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Small brass plates have replaced 100 of the millions of cobblestones in the streets of Rome. They're part of a project by German artist Gunter Demnig to commemorate victims of the Holocaust. These two plaques were in front of the home where Alfredo Di Nola and Livia Seta lived when they were taken to the Auschwitz concentration camp. Demnig has set more than 48,000 plaques in 18 European countries, making it the world's largest memorial.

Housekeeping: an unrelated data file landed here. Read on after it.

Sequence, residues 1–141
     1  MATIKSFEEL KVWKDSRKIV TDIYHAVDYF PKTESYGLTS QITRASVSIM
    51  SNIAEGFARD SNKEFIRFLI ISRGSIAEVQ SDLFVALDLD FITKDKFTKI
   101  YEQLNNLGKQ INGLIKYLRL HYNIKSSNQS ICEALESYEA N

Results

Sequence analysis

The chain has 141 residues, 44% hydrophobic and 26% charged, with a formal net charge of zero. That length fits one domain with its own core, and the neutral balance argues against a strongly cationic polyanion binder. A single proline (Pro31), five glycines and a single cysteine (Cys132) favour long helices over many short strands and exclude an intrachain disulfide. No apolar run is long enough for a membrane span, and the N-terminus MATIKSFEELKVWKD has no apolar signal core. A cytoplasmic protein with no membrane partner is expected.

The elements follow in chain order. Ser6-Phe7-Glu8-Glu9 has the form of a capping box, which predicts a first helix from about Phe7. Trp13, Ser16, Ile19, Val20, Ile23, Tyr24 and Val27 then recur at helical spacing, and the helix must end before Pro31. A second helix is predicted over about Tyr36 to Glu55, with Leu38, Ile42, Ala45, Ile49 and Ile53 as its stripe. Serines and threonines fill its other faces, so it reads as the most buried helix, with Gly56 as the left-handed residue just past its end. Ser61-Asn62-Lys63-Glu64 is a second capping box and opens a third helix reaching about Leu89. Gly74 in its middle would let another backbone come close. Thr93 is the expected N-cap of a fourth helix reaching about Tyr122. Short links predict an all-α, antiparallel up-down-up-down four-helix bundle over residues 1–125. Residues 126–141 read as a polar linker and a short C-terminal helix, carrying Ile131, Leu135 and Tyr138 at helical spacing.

Small brass plates have replaced 100 of the millions of cobblestones in the streets of Rome. They’re part of a project by German artist Gunter Demnig to commemorate victims of the Holocaust. These two plaques were in front of the home where Alfredo Di Nola and Livia Seta lived when they were taken to the Auschwitz concentration camp. Demnig has set more than 48,000 plaques in 18 European countries, making it the world’s largest memorial.

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